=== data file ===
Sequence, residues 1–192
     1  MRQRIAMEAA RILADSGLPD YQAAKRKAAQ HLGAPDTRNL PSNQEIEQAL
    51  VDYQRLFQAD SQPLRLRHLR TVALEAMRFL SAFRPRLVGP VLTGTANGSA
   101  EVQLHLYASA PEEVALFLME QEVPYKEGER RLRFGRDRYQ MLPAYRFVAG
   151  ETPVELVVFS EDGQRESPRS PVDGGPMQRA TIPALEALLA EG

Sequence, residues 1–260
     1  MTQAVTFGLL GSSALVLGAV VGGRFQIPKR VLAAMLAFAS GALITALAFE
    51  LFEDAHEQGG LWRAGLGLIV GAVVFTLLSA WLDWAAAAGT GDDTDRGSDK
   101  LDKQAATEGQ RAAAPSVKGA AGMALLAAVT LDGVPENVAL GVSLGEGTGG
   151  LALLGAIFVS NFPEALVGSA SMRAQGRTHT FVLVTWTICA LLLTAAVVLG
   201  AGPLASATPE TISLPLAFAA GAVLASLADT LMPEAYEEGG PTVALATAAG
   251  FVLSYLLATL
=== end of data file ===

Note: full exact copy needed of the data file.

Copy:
Sequence, residues 1–192
     1  MRQRIAMEAA RILADSGLPD YQAAKRKAAQ HLGAPDTRNL PSNQEIEQAL
    51  VDYQRLFQAD SQPLRLRHLR TVALEAMRFL SAFRPRLVGP VLTGTANGSA
   101  EVQLHLYASA PEEVALFLME QEVPYKEGER RLRFGRDRYQ MLPAYRFVAG
   151  ETPVELVVFS EDGQRESPRS PVDGGPMQRA TIPALEALLA EG

Sequence, residues 1–260
     1  MTQAVTFGLL GSSALVLGAV VGGRFQIPKR VLAAMLAFAS GALITALAFE
    51  LFEDAHEQGG LWRAGLGLIV GAVVFTLLSA WLDWAAAAGT GDDTDRGSDK
   101  LDKQAATEGQ RAAAPSVKGA AGMALLAAVT LDGVPENVAL GVSLGEGTGG
   151  LALLGAIFVS NFPEALVGSA SMRAQGRTHT FVLVTWTICA LLLTAAVVLG
   201  AGPLASATPE TISLPLAFAA GAVLASLADT LMPEAYEEGG PTVALATAAG
   251  FVLSYLLATL